Sunday, June 1, 2008
A snapshot sparks an ideaI also packed an entire digital editing facility of two laptops and multiple external hard drives with backup power should the power on the boat die (which it did). Since we’d review and organize thousands of digital photos on computers during the shoot, I brought along my digital photo assistant, John Burcham. John is savvy about everything digital, and he’s also a climber and a veteran of many expeditions. Besides overseeing digital photo management, John worked as my climbing rigger. Other non-climbing members on this expedition included an art director, two producers, a Nikon technical advisor, a local logistics fixer, a translator who we discovered spoke excellent Vietnamese but little English and the boat captain and his crew of four. It was a small group given the job we set out to do in one week.
Typically on an expedition, especially a climbing trip to a foreign destination, I’d be concerned about traveling with a group that I had never traveled and worked with before. But this expedition had a specific goal, and Beth did an excellent job in unifying the team despite the daily stress of living on a rat-infested boat, eating greasy food and dealing with the unrelenting heat.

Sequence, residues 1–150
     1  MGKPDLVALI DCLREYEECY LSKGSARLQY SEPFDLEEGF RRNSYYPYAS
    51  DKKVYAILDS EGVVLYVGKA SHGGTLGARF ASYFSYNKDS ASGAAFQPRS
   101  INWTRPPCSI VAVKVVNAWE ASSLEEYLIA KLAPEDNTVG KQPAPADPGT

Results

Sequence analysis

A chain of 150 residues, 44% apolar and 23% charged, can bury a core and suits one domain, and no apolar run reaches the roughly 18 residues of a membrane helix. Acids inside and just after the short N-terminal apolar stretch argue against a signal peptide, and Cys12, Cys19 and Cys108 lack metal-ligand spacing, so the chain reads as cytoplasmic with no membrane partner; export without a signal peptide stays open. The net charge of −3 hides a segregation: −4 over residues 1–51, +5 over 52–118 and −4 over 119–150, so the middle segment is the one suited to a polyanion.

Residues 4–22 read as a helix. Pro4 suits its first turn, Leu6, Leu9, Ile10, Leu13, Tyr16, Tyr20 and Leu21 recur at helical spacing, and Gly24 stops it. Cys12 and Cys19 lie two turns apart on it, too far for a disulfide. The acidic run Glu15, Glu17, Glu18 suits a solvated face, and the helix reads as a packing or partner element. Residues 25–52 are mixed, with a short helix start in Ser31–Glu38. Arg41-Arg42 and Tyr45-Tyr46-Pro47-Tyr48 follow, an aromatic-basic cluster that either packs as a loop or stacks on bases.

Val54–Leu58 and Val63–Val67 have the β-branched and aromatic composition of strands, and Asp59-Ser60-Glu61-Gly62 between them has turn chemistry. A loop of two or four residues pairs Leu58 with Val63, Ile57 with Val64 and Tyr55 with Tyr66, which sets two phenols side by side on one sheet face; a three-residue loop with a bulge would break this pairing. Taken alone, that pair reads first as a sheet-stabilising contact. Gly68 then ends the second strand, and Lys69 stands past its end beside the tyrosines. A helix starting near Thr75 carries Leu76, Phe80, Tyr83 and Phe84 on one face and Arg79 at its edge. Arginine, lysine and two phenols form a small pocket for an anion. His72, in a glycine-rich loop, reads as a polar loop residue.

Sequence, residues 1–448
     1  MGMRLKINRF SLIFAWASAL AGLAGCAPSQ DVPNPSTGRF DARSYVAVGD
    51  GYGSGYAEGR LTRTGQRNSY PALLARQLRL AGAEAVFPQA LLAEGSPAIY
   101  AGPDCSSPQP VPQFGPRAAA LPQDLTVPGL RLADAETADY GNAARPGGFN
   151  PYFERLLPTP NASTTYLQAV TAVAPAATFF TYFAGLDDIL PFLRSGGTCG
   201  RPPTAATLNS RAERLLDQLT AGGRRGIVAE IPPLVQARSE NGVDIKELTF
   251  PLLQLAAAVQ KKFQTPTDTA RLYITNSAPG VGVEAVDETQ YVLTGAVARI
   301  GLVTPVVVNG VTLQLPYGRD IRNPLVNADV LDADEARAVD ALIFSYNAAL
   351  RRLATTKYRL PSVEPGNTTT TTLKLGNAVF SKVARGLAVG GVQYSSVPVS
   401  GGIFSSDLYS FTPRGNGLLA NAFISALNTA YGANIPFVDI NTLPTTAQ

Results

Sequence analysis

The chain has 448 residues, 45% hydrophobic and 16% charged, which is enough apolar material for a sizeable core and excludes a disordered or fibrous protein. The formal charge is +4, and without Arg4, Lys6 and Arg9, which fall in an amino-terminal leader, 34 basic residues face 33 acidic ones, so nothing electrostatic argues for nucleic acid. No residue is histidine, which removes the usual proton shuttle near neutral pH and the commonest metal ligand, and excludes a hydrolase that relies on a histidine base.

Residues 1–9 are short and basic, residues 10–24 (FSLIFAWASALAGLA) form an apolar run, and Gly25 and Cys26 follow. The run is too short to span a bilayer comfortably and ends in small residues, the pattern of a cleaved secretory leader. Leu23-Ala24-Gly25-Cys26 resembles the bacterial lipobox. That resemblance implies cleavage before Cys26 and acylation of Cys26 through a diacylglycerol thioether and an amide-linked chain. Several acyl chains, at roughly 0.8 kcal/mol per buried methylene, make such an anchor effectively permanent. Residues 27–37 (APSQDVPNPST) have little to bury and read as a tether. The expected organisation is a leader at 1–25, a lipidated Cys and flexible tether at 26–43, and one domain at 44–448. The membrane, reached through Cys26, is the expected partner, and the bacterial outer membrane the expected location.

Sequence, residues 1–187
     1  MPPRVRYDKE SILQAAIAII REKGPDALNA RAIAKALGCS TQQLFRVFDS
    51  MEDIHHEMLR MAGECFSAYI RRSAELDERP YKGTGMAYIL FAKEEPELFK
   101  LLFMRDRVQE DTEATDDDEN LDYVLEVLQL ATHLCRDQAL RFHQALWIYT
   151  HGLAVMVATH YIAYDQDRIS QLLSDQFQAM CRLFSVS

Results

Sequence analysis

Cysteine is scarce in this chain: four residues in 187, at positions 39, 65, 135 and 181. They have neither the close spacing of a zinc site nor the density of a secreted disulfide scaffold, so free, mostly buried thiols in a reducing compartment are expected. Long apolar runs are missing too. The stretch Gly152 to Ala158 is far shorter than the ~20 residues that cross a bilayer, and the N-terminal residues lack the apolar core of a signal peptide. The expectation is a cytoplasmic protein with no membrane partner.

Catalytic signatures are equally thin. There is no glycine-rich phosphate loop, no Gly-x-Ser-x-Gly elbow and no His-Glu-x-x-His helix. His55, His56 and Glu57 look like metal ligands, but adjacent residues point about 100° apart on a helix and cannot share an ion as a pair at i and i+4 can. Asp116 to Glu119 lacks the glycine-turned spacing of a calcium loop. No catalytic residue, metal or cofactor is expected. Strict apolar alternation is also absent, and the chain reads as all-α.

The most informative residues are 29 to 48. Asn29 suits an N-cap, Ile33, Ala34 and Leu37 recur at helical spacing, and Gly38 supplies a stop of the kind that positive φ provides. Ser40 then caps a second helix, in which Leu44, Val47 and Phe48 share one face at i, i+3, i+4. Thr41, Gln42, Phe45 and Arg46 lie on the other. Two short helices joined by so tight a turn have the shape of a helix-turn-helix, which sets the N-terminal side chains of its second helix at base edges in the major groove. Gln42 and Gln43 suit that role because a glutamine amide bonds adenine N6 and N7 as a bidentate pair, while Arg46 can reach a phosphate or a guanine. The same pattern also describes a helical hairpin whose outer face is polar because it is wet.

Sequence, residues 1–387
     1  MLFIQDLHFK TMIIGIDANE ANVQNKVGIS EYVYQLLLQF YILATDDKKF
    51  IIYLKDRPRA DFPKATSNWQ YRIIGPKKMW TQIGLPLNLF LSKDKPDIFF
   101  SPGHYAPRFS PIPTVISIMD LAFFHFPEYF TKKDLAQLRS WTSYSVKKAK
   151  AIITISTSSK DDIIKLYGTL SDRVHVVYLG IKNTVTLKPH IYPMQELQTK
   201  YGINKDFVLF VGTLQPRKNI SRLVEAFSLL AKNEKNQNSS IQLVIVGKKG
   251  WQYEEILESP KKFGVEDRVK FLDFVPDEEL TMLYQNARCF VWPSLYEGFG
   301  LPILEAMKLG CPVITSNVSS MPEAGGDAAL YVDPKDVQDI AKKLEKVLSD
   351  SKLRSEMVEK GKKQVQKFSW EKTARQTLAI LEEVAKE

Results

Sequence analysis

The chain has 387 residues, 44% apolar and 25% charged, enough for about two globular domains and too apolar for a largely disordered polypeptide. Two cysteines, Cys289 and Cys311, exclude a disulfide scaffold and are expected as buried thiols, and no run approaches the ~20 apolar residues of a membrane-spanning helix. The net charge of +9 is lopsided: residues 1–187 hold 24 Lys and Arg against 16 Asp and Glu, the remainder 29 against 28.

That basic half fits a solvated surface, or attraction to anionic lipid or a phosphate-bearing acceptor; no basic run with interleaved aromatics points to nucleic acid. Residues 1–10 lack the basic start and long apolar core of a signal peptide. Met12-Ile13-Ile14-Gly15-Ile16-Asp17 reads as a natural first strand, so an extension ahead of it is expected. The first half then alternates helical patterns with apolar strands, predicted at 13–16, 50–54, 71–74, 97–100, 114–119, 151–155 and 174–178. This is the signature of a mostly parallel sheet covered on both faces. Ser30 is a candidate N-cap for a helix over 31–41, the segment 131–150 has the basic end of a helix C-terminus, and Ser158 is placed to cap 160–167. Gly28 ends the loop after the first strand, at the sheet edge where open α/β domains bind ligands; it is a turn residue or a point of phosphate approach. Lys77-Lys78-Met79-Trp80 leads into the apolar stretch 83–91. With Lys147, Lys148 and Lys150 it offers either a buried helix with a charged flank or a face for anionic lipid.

The photo that Nikon chose for the print ad was selected from thousands of photos I shot of Beth in dozens of situations during the week in Vietnam. The photo was simply one of the many remarkable moments on the trip and was captured through a process similar to my other documentary photo shoots.
Beth had spent an afternoon on the second day photographing Rolando and Brittany on a steeply overhanging tower. Early in the day, Rolando climbed the tower wall to check the quality of the steel bolts that decay rapidly in the ocean environment. When he started up the rope to perform the safety check, I was wading in the water below the climb scouting various photo angles. From the water, I saw Rolando swing 20 feet out from the belay on the rope and begin his ascent of the rope. I took a quick series of photos of Rolando. In reviewing the photo a short while later on my digital camera back, I knew that I could alter the composition slightly for a similar photo of Beth.
I knew that when Beth completed her shoot on this cliff, she’d rappel back to the belay and that would be the moment I could capture. But I’d have to wait until Beth completed her shoot with the climbers. In the meantime, I photographed Beth from many angles as she photographed Brittany and Rolando ascending the tower. With the climbing shoot over, Beth began her rappel back down the rope, and I had already positioned myself near the belay with Rolando in anticipation of Beth’s return to the belay. The sun angle had changed since I photographed Rolando, making Beth almost backlit by the sun. I called to John, who was standing in chest-deep water, to direct a LumiQuest reflector disc on Beth as she swung back to the belay. I had waited all day for this shot, and with the waiting over and my camera firing at 6 fps and John tracking Beth with the reflector, it was only a matter of proper composition to nail the shot for the ad.
Visit Bill Hatcher’s website at www.billhatcher.com.
Page 2 of 2
Get 11 Issues of Outdoor Photographer for only $14.97!
That's 77% off the cover price!